Hong Kong protesters demand power for the people as China warns against 'playing with fire'

Vanessa Yung, AFP | Three masked protesters hold a press conference in Hong Kong on August 6, 2019.

Representatives of the Hong Kong protest movement took the unusual step of holding a press conference on Tuesday to press their demands for more democracy even as China’s central government warned protesters not to underestimate its “firm resolve”.


The semi-autonomous city has been wracked by two months of protests and clashes between police and demonstrators in the biggest threat to Beijing's rule since its 1997 handover from Britain.

Tuesday's press conference by masked protesters marked the first time people from within the largely leaderless movement delivered a statement in a formal setting.

"We call on the government to return the power back to the people and to address the demands of Hong Kong citizens," said the two young men and one woman as they read out their statements in both English and Cantonese.

Dressed in the movement's signature yellow construction helmets and hiding their identities with face masks, the protesters billed their gathering as a civilian press conference "by the people, for the people".

"This platform aims to act as a counterweight to the government's monopoly on the political discourse on this issue," they said, adding that they were not affiliated with any political party or group.

The event came a day after a general strike caused widespread travel disruption and saw clashes in a dozen different locations across the international finance hub.

Hong Kong police said 148 people were arrested during running battles on Monday, the largest daily toll since huge pro-democracy protests kicked off two months ago.

At their press conference, the protesters criticised the city's police force, which they accused of displaying a "total loss of self-discipline [...] and incompetence in carrying out their lawful duties".

They also reiterated the movement's calls for greater democratic freedoms in a city where the leader is chosen by a pro-Beijing committee.

"The pursuit of democracy, liberty and equality is an inalienable right of every citizen. We therefore call on the government to refrain from exterminating our right to pursue these universal values," they said.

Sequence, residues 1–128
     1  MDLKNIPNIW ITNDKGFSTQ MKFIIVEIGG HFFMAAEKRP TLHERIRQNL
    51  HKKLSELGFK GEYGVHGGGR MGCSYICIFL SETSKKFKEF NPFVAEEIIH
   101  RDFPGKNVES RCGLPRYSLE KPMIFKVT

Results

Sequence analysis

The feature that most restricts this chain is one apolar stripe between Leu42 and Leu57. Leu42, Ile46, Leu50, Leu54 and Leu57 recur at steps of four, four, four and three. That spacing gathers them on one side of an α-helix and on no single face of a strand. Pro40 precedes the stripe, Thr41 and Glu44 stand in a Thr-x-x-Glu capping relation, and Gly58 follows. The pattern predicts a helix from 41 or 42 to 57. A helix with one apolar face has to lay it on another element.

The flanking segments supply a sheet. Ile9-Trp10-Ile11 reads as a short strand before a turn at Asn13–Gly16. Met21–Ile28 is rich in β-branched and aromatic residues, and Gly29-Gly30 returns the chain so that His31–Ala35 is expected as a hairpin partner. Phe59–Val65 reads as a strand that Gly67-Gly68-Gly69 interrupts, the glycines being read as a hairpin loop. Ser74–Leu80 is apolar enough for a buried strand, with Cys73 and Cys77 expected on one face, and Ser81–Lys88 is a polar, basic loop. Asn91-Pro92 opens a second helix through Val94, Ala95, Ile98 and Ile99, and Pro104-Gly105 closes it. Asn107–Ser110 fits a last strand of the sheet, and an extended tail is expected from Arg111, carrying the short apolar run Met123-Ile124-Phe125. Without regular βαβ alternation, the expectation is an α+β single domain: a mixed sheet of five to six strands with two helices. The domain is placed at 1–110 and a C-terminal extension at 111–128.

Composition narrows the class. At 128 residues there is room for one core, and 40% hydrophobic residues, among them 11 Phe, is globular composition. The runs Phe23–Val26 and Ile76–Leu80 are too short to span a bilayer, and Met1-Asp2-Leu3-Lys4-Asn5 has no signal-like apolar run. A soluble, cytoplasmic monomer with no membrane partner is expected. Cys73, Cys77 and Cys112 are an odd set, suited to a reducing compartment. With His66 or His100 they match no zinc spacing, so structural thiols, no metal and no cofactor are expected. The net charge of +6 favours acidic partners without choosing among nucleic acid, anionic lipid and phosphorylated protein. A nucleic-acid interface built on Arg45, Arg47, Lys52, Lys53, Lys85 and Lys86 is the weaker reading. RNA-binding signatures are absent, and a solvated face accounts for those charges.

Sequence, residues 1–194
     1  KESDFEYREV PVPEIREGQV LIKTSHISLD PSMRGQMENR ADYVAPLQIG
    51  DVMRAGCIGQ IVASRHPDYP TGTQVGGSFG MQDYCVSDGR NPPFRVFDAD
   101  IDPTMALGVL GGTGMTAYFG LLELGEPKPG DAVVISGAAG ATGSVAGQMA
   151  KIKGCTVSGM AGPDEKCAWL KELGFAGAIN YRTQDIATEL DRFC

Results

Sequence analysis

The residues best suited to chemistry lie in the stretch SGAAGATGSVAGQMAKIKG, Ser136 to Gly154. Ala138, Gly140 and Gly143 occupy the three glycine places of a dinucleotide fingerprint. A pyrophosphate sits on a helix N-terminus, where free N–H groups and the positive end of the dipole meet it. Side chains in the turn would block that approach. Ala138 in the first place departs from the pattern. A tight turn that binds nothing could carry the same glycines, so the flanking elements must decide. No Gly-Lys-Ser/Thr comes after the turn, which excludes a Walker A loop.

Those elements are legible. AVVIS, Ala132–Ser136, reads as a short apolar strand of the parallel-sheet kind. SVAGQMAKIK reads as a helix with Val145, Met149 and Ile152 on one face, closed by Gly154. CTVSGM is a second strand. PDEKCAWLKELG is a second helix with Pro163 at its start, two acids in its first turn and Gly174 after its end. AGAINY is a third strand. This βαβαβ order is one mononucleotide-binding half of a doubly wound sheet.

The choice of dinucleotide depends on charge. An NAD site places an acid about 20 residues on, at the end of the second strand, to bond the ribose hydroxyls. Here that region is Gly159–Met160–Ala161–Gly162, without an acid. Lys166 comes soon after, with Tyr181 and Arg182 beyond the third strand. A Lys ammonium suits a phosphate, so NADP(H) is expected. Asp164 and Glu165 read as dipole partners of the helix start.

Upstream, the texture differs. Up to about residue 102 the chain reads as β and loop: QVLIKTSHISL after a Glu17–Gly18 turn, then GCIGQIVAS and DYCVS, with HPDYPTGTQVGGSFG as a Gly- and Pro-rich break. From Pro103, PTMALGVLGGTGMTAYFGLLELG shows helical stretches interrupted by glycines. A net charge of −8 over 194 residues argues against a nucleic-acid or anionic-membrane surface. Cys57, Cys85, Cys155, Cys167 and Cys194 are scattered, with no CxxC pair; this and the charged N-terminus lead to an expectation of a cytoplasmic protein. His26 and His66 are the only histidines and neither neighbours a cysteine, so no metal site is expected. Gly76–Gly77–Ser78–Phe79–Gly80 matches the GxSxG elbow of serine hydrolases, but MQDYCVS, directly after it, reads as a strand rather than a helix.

Under the terms of the 1997 handover deal with Britain, Hong Kong has rights and liberties unseen on the Chinese mainland, including an independent judiciary and freedom of speech.

But many say those rights are being curtailed.

Beijing’s warning

The protests were triggered by opposition to a planned law that would have allowed extraditions to mainland China, but have evolved into a wider movement for democratic reform and the protection of freedoms.

Protesters are now demanding the resignation of city leader Carrie Lam, an independent inquiry into police tactics, an amnesty for those arrested, a permanent withdrawal of the reviled extradition bill, and the right to elect their leaders.

Their defiant press conference came as China’s central government issued one of its strongest-worded warnings yet, declaring that "those who play with fire will perish by it".

At a briefing in Beijing, Yang Guang, spokesman for the Hong Kong and Macao Affairs Office of the State Council, said the "radical protests [...] have severely impacted Hong Kong's prosperity and stability, pushing it into a dangerous abyss".

Yang said the government still "firmly supports" both the Hong Kong police force and the city’s embattled leader Lam.

In a strong warning aimed at the more violent "criminals" behind the worst of the unrest, Yang said: "Don't ever misjudge the situation and mistake our restraint for weakness ... Don't ever underestimate the firm resolve and immense strength of the central government."

Yang was speaking at a press conference held by China's cabinet-level State Council in Beijing about the unrest. Such media briefings are normally very rare, but Tuesday's was the second in as many weeks.

The clashes have piled pressure on Chinese President Xi Jinping, and led to speculation that Beijing might be forced to intervene in some capacity, even militarily.

Yang, however, seemed to downplay any idea of mainland police or military helping with law enforcement, saying the Hong Kong government was "fully capable of punishing the violent crime in accordance with the law, restore order to society, and restore stability to society".

(FRANCE 24 with AFP)

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